Marisa Bunning is a Professor in the Department of Food Science and Human Nutrition, a Food Safety Specialist with CSU Extension, and an Adjunct Professor with the Colorado School of Public Health. Her efforts, in the classroom and through outreach, are focused on a systems approach to food safety advocacy. Current areas of research include consumer food handling practices, high elevation impacts on food preparation, produce safety, and reduction of consumer food waste. Marisa finds working in the area of food safety and health very rewarding because everyone benefits when our food chain is protected.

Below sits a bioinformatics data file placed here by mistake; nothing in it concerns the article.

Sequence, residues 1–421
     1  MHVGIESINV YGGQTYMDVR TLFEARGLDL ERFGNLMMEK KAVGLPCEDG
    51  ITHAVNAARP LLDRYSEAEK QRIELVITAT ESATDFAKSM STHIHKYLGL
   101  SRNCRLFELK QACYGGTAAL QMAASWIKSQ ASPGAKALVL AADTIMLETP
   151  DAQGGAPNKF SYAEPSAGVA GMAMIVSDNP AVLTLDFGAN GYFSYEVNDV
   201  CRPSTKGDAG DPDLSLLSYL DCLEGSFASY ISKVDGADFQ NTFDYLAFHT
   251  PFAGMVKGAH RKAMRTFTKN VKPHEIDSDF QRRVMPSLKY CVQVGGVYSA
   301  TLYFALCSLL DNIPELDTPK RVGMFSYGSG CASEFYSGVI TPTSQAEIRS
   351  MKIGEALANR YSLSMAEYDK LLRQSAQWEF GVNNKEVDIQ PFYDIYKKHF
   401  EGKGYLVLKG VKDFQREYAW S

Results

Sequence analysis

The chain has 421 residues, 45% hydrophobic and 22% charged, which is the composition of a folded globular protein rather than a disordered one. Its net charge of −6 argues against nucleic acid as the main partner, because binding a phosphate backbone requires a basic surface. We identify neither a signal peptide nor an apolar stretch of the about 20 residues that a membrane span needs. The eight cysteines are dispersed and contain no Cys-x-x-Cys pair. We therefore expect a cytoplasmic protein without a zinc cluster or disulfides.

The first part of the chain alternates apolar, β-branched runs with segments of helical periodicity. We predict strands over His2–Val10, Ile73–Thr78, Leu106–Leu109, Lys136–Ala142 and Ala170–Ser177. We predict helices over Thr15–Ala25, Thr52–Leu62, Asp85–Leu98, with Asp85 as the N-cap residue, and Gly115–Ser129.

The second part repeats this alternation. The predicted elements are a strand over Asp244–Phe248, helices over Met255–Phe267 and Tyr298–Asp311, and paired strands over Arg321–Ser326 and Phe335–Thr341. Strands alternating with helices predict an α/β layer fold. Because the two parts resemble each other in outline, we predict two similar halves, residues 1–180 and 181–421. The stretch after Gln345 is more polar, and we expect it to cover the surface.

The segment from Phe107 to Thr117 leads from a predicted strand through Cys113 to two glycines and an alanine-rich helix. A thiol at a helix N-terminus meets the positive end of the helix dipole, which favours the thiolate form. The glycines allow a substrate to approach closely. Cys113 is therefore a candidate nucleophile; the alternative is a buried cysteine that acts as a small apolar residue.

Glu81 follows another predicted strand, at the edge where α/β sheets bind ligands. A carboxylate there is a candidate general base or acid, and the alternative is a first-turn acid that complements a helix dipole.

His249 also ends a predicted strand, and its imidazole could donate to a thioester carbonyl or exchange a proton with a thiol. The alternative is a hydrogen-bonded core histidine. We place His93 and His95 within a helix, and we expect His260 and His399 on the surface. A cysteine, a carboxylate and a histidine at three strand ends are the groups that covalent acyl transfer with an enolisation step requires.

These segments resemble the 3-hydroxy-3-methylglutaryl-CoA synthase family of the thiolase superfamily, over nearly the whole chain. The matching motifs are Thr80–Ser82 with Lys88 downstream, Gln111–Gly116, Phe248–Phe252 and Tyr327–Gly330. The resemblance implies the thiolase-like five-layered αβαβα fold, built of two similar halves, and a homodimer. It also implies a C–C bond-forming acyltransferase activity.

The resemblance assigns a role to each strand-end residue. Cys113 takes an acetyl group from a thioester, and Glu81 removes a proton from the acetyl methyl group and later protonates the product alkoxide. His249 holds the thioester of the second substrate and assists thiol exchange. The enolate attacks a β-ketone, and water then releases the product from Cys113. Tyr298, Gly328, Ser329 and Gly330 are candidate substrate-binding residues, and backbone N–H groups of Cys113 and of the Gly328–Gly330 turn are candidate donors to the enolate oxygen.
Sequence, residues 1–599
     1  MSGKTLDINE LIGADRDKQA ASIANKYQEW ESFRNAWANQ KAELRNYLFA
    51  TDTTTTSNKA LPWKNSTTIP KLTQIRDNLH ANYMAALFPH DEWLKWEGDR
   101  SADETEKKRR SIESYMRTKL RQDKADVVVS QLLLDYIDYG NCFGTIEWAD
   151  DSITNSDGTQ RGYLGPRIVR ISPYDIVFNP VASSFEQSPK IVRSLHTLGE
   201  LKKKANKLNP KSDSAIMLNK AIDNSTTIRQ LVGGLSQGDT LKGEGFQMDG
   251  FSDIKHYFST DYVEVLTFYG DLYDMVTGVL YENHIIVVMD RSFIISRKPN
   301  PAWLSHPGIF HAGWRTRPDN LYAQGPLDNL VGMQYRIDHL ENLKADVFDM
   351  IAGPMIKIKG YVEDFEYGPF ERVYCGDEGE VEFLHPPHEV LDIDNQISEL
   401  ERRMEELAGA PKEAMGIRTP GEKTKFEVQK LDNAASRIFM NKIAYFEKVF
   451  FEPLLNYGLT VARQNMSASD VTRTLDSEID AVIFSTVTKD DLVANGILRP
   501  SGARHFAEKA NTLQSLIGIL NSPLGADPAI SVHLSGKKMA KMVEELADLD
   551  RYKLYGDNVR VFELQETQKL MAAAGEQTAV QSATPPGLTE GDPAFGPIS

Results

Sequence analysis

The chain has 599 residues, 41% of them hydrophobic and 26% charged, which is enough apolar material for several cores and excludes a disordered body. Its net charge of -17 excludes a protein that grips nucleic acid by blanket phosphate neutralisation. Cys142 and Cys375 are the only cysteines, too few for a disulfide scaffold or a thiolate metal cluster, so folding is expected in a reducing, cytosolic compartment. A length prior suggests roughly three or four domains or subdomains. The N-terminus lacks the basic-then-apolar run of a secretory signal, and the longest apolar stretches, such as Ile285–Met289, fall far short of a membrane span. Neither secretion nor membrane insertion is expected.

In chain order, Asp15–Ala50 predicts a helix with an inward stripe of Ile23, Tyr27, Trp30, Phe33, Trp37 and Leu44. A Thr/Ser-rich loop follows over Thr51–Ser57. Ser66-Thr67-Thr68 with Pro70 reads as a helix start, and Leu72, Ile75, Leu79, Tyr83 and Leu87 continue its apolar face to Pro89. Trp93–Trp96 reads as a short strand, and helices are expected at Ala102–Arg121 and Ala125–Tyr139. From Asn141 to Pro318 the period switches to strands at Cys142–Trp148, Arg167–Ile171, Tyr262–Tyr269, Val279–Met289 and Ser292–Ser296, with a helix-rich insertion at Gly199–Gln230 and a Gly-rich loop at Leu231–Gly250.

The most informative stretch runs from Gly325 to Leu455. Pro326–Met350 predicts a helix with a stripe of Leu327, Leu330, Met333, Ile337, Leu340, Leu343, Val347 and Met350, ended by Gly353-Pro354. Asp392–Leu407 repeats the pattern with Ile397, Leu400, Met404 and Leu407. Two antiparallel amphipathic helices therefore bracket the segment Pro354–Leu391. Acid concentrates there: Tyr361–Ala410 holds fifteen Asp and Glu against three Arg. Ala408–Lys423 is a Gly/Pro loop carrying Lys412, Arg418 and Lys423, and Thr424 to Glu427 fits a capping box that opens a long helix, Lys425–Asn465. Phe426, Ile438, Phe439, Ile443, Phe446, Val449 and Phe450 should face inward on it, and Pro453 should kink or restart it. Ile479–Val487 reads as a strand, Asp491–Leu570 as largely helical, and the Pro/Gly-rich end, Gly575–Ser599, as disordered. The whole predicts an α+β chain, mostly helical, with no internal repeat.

Alexandra Hill is an Assistant Professor of Agricultural and Resource Economics at Colorado State University. Her primary research and teaching areas include economic productivity, agricultural labor economics, agricultural business management, and econometrics. Her current research revolves around understanding the factors that affect worker productivity and labor supply, including wage contracts and peer effects, welfare program participation, non-pecuniary benefits, pollution and weather, and specialty certifications; measuring effects from agricultural policy changes, in particular how agricultural sales tax exemptions affect producer spending, profits, and productivity; and modeling producer and retailer behavior under contracts written for quantity and quality.